Dedication of the Johns Hopkins University Bloomberg Center

Remarks by President Ronald J. Daniels
Johns Hopkins University Bloomberg Center Dedication Ceremony

Good morning!

Today, we have the great good fortune of dedicating a new building.

A magisterial new building in the heart—truly—of our nation’s capital.

One composed of 10 stories of soaring staircases and walkways . . . literal avenues of possibility connecting people, ideas, and disciplines.

Of floating, glass-walled classrooms where our students and faculty will engage not only with one another but with international leaders, diplomats, and national policymakers who are putting those ideas into action.

Of illuminated gathering and performing spaces that will catalyze countless convenings, conversations, and serendipitous encounters.

And of artwork designed to challenge, to inspire, to lift the human spirit.

The Johns Hopkins University Bloomberg Center at 555 Pennsylvania Avenue is the physical embodiment of our aspirations for our university in this moment, in this time.

But this building represents more than bricks and mortar masterfully assembled. Far more.

It is also the physical manifestation of an idea born almost 150 years ago with the brave founding of our university.

Johns Hopkins was not America’s first college. But we are the nation’s first research university, founded with a visionary act of philanthropy that birthed in our nation a new form of higher education which has since become the envy of the world.

Thanks to that vision, we were the first institution of higher education in America to weave together undergraduate teaching, postgraduate training, and faculty production of new knowledge.

We were the first in America to build university research laboratories, to launch academic journals, and to enlist students in our creative scholarly endeavors.

And we were the first to insist that our knowledge ought not be shared with a privileged few, but offered up as a genuine public good even – and perhaps especially – when our knowledge, our analysis, challenged entrenched orthodoxies.

As our first president Daniel Coit Gilman once said, Johns Hopkins was, from its conception, free from the constraints of either church or state. It was built solely to promote “the discovery and promulgation of the truth.”

That was our university’s declaration of independence – and its realization coincided with the centennial of this nation’s Declaration of Independence when we opened our doors in Baltimore in 1876.

Today, we stand together, in a spirit of soaring hope and optimism, to dedicate the manifestation of another visionary act of philanthropy. One that brings our university and our nation even closer together, bound by proximity and purpose to advance reasoned debate and to foster evidence-based solutions for our democratic society.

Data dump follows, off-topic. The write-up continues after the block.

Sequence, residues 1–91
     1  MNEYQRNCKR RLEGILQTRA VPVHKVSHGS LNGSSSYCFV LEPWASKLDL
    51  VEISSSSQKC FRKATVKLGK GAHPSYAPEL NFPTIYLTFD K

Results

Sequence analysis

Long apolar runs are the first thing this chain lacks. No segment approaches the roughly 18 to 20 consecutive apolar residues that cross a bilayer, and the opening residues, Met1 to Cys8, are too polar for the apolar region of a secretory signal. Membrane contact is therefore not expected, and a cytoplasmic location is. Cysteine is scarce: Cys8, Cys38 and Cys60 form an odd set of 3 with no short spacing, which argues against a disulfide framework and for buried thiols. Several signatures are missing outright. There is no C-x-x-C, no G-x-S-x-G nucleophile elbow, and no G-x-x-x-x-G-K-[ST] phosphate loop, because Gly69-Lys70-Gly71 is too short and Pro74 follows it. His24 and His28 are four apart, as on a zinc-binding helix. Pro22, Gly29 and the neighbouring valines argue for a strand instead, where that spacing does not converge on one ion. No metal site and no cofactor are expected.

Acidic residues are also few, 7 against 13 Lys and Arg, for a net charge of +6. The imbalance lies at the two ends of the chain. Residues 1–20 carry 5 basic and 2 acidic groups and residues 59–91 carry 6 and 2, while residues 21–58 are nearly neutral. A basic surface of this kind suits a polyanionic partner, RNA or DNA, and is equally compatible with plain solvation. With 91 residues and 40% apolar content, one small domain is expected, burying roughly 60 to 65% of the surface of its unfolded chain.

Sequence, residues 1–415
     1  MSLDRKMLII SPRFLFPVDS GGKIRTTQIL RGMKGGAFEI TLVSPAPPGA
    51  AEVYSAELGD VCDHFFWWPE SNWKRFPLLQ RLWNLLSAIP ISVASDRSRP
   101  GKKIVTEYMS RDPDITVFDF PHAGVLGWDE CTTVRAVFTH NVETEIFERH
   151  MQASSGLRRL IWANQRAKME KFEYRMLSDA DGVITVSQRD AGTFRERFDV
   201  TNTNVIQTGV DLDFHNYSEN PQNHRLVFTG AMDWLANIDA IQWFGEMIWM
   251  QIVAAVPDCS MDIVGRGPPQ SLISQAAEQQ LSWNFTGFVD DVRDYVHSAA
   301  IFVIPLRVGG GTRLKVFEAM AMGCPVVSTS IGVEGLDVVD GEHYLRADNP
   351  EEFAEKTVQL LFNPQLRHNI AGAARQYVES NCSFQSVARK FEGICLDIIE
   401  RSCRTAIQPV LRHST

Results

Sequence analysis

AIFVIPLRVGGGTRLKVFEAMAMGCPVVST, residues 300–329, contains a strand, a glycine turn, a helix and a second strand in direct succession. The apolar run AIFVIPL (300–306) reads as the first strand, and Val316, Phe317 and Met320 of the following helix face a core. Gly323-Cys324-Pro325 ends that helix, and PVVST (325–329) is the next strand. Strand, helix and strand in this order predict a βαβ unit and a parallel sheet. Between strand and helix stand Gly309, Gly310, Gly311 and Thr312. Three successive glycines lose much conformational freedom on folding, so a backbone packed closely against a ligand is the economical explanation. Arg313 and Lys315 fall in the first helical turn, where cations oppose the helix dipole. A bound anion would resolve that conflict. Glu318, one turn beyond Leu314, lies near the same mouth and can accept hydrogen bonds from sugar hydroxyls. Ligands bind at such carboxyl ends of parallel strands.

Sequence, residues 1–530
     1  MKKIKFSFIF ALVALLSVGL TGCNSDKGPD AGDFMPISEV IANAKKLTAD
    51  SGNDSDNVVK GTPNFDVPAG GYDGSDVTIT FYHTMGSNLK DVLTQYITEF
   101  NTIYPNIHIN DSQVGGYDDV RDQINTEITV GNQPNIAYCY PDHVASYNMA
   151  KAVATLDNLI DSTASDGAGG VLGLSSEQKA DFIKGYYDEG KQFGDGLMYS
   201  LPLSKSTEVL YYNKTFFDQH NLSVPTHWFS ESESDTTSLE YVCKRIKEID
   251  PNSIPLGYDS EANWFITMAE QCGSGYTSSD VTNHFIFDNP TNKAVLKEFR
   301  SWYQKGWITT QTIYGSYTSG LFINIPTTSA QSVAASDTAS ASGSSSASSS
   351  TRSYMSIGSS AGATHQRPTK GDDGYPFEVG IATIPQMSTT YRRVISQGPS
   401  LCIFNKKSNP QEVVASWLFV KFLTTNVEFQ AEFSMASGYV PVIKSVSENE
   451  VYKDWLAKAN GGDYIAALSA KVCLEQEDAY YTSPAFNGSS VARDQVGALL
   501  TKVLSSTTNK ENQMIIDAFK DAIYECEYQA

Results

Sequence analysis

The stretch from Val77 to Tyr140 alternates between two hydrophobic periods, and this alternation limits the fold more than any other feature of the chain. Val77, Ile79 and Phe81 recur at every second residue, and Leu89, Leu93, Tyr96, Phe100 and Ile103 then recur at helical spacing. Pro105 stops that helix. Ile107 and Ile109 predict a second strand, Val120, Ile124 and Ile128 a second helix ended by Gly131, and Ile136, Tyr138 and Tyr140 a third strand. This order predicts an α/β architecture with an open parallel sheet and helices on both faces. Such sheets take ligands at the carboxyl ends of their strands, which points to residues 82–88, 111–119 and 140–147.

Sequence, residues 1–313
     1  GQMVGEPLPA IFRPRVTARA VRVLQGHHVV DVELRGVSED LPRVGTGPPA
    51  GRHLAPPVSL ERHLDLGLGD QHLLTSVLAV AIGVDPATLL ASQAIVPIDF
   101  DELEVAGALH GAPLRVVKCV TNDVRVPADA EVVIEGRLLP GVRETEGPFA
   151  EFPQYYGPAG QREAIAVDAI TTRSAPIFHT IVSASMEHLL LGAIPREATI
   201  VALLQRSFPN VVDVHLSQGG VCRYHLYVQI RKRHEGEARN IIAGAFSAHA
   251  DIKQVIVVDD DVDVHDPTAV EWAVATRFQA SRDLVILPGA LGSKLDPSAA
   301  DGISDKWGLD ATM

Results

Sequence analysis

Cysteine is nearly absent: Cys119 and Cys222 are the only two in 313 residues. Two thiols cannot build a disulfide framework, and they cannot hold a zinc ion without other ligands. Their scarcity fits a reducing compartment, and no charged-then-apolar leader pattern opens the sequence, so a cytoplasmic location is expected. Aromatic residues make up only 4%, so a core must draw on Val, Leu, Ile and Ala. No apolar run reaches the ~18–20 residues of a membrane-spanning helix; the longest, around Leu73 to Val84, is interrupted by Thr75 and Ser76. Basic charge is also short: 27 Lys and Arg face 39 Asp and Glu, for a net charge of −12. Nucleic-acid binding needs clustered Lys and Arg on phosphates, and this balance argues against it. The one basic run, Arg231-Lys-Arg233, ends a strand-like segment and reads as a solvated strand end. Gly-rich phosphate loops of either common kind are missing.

And in doing so, we acknowledge and celebrate the continuation of an enduring and extraordinary partnership between universities and our national government that has fueled our mission and nurtured some of our greatest achievements.

Together, we have tackled once incurable diseases.

Together, we have fortified our national security.

And together, we have built world-changing technologies, birthing industries that have created jobs, products, and services, and advanced human welfare.  

To see this new building stand among the US Capitol Building, the White House, and the Supreme Court, the three branches of our democratic government, is both humbling and awe-inspiring.

It is also a challenge. It calls upon us to consider, deeply, not only what our faculty, staff, and students can contribute to good governance and sound policy but also how we can learn from and engage with leaders and policymakers across Washington and the world as we promote the flourishing of our fellow citizens and our society.

So, as we dedicate this building, we also rededicate ourselves to the founding idea of the modern research university.

To the university as an institution resolutely devoted to the promise of discovery and knowledge to impact our world.

To the power of reason and fact as the foundation for progress.

To the spirit of convening and collaboration, of exploration and inquiry, even across lines that threaten to divide and diminish us.

And to an unyielding belief in the fundamental dignity and boundless potential of all people.

This is our charge.

Thank you all for joining us today as we officially dedicate the Johns Hopkins University Bloomberg Center.